1967, US, directed by Mike Nichols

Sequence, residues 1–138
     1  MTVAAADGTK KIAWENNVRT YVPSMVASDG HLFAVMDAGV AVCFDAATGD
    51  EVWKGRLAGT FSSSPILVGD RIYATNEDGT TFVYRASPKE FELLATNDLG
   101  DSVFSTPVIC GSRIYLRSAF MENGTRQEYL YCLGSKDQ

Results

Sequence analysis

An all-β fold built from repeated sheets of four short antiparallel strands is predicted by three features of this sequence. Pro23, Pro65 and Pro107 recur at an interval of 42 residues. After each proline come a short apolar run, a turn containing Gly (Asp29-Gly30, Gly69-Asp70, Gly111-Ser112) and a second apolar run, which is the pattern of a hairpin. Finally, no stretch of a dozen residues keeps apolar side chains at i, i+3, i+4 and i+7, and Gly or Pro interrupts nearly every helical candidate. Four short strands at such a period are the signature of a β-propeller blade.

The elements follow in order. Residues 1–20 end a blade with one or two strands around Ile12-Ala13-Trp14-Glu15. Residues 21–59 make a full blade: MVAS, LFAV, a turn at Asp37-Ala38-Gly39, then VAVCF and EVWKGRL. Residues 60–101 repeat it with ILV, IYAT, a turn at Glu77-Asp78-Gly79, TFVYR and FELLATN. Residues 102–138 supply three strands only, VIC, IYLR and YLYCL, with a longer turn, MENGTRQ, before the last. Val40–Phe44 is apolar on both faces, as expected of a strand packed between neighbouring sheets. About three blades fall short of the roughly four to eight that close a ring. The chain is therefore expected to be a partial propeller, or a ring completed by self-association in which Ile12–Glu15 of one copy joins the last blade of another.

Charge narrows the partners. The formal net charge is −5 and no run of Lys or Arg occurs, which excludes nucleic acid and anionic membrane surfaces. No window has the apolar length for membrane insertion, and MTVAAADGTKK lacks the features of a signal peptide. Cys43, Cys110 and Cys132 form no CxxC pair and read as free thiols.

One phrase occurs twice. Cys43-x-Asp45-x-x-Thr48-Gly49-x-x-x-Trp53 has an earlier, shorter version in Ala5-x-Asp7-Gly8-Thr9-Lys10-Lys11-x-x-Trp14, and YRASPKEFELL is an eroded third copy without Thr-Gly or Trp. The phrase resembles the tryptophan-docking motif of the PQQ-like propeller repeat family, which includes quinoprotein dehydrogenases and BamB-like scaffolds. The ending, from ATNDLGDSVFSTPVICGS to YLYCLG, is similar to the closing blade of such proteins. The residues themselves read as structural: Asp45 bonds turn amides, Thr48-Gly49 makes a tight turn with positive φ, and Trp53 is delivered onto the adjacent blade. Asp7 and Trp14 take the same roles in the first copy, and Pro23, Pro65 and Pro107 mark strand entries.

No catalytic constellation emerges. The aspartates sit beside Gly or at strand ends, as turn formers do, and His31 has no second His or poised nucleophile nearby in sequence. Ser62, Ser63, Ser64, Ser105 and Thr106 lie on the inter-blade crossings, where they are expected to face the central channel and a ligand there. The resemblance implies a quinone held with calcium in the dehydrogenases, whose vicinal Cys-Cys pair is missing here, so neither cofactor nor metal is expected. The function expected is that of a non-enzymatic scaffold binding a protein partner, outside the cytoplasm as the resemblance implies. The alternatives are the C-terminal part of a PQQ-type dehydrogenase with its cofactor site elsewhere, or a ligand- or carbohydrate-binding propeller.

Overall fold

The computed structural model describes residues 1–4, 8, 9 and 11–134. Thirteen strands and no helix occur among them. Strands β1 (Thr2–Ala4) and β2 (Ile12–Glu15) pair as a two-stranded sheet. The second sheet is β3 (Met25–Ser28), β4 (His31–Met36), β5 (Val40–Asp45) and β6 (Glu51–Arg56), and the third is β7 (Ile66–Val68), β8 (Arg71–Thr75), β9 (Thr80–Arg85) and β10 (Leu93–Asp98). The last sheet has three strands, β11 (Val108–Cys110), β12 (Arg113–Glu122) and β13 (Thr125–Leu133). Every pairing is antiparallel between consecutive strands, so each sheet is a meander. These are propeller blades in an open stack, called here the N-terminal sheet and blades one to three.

Nearly 40 years on, The Graduate remains energetic and frequently amusing, although as the film's running time slips by, it's hard to avoid the sense that it have as much to say as it would like us to think, despite its status (some of it quite conscious) as a commentary on a generation. The observation that upper-middle-class Southern California might be superficial and obsessed with financial or social status is hardly an original thought (nor was it original in 1967); the social world of the film is so oppressive that only a fool wouln't want to rebel against it (even so, the final scene is surprisingly liberating). Dustin Hoffman's star-making performance mostly consists of looking startled by the events going on around him - things seem to happen near him rather than to him - but his fixed expression is so amusing that it carries him throughout the film, while his hesitant line-readings brilliantly capture his character's many confusions. While she's as much icon as actual character, it's hard not to think that Mrs. Robinson gets the short end of the stick: while she's undeniably manipulative and hypocritical, she's also, quite clearly, a troubled, unhappy woman, but the film isn't really all that interested in her fate.